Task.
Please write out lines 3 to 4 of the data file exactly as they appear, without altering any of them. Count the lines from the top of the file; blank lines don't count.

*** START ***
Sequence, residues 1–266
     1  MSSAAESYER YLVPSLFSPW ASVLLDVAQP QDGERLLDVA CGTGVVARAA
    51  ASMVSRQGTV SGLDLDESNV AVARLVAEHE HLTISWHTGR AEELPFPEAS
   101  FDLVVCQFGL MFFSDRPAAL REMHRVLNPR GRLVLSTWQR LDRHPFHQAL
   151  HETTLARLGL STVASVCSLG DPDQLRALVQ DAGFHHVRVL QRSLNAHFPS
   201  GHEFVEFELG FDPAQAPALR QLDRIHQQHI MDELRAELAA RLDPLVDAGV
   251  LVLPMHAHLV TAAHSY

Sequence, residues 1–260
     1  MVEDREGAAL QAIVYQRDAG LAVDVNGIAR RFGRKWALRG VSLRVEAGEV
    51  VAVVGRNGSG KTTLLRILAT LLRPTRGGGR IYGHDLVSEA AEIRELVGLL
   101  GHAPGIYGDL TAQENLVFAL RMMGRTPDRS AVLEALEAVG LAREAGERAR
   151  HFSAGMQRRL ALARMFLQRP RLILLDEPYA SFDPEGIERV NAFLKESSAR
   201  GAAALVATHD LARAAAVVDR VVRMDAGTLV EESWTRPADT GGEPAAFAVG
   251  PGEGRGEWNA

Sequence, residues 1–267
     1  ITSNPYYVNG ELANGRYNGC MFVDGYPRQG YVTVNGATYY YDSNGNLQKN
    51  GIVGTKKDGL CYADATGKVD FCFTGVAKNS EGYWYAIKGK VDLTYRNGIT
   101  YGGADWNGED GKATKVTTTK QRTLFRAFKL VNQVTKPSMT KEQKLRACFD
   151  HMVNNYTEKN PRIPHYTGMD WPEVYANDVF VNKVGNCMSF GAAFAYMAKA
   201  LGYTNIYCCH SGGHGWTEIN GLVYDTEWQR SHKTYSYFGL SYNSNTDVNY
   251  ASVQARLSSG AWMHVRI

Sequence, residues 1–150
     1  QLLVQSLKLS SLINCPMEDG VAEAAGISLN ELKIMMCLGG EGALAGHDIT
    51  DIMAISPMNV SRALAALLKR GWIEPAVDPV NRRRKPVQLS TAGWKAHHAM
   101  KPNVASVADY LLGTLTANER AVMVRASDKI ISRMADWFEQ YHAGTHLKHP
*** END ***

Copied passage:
    51  ASMVSRQGTV SGLDLDESNV AVARLVAEHE HLTISWHTGR AEELPFPEAS
   101  FDLVVCQFGL MFFSDRPAAL REMHRVLNPR GRLVLSTWQR LDRHPFHQAL